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Is the fluctuation pressure the same as the sound pressure?

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Old   August 29, 2017, 11:06
Default Is the fluctuation pressure the same as the sound pressure?
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I use an in-house CFD code to simulate the flow over Idealized Side Mirror. The reference paper is Caraeni2011. To compare with the reference paper, I obtain the pressure history at the monitor points. By subtracting the mean of the pressure history, the fluctuation pressure is obtained.

Sound Pressure Level is defined as follows,



Now, my question is: is the fluctuation pressure the same as the sound pressure? Can I directly use my fluctuation pressure to calculate the SPL?

I know SPL is a single value and it requires Root Mean Square of the pressure history. What I want to calculate is actually the spectra of SPL. Just like the following pic. The unit of frequency is dB, and I guess it's typo.



In order to get the spectra of SPL, I apply FFT on the fluctuation pressure history and then feed the absolute value of the FFT result as input into the SPL formula to get the spectra of SPL.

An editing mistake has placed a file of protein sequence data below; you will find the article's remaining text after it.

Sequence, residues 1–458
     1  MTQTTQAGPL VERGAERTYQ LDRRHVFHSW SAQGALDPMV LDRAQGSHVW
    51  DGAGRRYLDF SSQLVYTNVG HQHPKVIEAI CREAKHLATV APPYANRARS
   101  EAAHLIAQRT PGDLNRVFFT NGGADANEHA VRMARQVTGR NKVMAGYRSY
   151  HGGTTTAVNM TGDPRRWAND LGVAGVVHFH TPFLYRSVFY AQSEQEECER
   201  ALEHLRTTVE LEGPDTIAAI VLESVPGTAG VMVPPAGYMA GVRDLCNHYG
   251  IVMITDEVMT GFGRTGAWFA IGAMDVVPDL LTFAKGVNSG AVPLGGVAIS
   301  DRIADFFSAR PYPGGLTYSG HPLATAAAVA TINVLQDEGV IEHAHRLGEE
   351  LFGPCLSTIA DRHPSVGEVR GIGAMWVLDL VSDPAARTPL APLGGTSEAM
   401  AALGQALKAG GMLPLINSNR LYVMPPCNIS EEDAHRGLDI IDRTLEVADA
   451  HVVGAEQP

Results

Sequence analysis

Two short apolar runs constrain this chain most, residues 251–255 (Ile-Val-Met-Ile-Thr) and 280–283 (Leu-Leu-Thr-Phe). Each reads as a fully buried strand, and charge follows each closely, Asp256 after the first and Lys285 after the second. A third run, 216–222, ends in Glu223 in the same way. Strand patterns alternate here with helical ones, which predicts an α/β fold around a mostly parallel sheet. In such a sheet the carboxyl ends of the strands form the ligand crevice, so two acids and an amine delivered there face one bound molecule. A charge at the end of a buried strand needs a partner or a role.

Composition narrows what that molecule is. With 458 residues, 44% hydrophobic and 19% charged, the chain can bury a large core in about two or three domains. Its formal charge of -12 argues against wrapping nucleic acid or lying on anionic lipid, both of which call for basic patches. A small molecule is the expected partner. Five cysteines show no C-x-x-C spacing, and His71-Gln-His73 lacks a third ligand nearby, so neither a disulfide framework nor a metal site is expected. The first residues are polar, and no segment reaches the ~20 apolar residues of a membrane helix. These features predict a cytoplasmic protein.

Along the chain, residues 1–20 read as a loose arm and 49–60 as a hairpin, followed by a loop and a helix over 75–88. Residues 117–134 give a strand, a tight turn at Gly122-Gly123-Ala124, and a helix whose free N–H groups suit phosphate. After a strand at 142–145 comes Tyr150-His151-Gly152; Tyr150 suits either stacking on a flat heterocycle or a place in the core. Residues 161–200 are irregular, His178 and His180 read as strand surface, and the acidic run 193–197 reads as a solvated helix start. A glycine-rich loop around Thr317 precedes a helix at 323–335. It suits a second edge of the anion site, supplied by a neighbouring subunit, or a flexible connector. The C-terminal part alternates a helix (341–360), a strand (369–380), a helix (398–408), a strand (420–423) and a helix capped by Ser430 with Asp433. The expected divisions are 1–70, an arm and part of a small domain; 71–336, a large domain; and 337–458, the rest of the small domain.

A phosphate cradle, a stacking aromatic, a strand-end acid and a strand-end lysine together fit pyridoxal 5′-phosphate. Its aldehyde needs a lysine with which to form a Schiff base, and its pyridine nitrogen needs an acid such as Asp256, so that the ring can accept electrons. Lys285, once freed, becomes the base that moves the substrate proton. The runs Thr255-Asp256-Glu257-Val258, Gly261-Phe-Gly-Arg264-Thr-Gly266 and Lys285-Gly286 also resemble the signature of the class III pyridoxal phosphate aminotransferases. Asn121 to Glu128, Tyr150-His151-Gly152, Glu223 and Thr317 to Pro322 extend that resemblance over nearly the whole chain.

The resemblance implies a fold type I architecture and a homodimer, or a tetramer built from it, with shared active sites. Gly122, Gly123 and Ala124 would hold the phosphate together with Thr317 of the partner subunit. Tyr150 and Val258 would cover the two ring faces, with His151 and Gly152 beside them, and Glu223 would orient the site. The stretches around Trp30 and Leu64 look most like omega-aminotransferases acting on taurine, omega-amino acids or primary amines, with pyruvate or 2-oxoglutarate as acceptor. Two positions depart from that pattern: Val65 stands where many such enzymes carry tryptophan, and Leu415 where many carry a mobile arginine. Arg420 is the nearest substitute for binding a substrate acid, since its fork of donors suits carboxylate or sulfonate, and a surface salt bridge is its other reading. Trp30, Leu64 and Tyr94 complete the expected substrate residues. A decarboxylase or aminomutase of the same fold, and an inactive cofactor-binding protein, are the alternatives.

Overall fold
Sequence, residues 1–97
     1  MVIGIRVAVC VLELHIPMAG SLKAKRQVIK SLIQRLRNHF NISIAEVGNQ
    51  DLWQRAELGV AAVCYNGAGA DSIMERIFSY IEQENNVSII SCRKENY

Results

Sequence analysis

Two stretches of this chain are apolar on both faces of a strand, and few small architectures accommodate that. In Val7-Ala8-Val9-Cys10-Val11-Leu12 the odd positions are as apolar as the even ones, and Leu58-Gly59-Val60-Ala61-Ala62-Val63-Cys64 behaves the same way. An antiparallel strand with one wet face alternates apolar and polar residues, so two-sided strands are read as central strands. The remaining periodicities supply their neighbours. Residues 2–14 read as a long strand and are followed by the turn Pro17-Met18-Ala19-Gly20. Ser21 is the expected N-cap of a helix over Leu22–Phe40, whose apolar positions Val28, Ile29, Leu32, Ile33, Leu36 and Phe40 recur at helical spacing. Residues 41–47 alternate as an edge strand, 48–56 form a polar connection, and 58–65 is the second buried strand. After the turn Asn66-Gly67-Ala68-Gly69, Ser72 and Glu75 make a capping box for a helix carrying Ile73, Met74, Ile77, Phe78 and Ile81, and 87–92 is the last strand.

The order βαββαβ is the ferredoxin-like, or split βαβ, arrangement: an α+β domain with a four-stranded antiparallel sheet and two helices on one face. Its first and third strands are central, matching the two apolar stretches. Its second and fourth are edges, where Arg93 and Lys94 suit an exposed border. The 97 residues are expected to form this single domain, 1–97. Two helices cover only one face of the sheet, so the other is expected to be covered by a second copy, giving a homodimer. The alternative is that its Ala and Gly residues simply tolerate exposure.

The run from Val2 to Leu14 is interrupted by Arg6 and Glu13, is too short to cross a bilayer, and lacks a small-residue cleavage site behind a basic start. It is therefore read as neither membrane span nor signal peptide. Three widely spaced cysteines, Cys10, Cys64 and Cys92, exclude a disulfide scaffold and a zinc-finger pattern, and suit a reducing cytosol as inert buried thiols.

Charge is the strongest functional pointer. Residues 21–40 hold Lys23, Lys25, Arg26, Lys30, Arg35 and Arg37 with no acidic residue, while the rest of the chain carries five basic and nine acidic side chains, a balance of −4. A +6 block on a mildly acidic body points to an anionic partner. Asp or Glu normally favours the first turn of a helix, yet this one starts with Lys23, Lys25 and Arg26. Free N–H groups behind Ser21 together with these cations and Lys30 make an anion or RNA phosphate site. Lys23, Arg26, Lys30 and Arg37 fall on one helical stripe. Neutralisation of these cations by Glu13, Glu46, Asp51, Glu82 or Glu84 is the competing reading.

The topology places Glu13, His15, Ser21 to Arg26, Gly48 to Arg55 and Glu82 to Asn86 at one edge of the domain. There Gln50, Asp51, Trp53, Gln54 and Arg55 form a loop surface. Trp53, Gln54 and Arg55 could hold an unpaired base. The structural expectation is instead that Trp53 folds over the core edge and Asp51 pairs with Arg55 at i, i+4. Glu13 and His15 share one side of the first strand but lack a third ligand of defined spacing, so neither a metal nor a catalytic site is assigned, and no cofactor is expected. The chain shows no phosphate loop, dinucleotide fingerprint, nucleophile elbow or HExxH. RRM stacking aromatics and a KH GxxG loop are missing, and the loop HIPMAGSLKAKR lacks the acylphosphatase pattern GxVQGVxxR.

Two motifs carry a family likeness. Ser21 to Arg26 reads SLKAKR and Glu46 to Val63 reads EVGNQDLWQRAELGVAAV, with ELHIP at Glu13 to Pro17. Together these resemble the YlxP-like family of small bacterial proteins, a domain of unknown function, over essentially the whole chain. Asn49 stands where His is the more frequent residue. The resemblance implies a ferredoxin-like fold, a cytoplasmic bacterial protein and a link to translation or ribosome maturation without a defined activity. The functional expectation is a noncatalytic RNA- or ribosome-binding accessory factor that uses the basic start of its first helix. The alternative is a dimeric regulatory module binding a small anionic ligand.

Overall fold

[Caraeni2011]: Caraeni, M., Aybay, O., & Holst, S. (2011). Tandem Cylinder and Idealized Side Mirror Far-Field Noise Predictions Using DES and An Efficient Implementation of FW-H Equation. In 17th AIAA/CEAS Aeroacoustics Conference (32nd AIAA Aeroacoustics Conference) (pp. 58). Reston, Virigina: American Institute of Aeronautics and Astronautics. https://doi.org/10.2514/6.2011-2843
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Old   August 29, 2017, 11:29
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I agree that in the picture, Hz and dB are wrong, Hz should be in the x-axis and dB in the y-axis.
I think you can take the FFT of the whole pressure signal (the means should be the C0 coefficents of the Fourier representation) and reporting the square of the Fourier coefficient.
The main problem I can see is the window to take for the FFT, it should work on a periodic temporal interval. How do you manage that?
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Old   August 29, 2017, 12:20
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Quote:
Originally Posted by FMDenaro View Post
I agree that in the picture, Hz and dB are wrong, Hz should be in the x-axis and dB in the y-axis.
I think you can take the FFT of the whole pressure signal (the means should be the C0 coefficents of the Fourier representation) and reporting the square of the Fourier coefficient.
The main problem I can see is the window to take for the FFT, it should work on a periodic temporal interval. How do you manage that?

The window function is hamming. I just multiply the original fluctuation pressure with the hamming function. The code I use is simple. The window function is just applied to the whole fluctuation pressure history. In fact, I also tried dividing the whole history into several segments and apply the hamming function on each one, calculate FFT, then average them. It's just averaging, no big difference.

Code:
p0=2E-5
f_sample=1.0/dt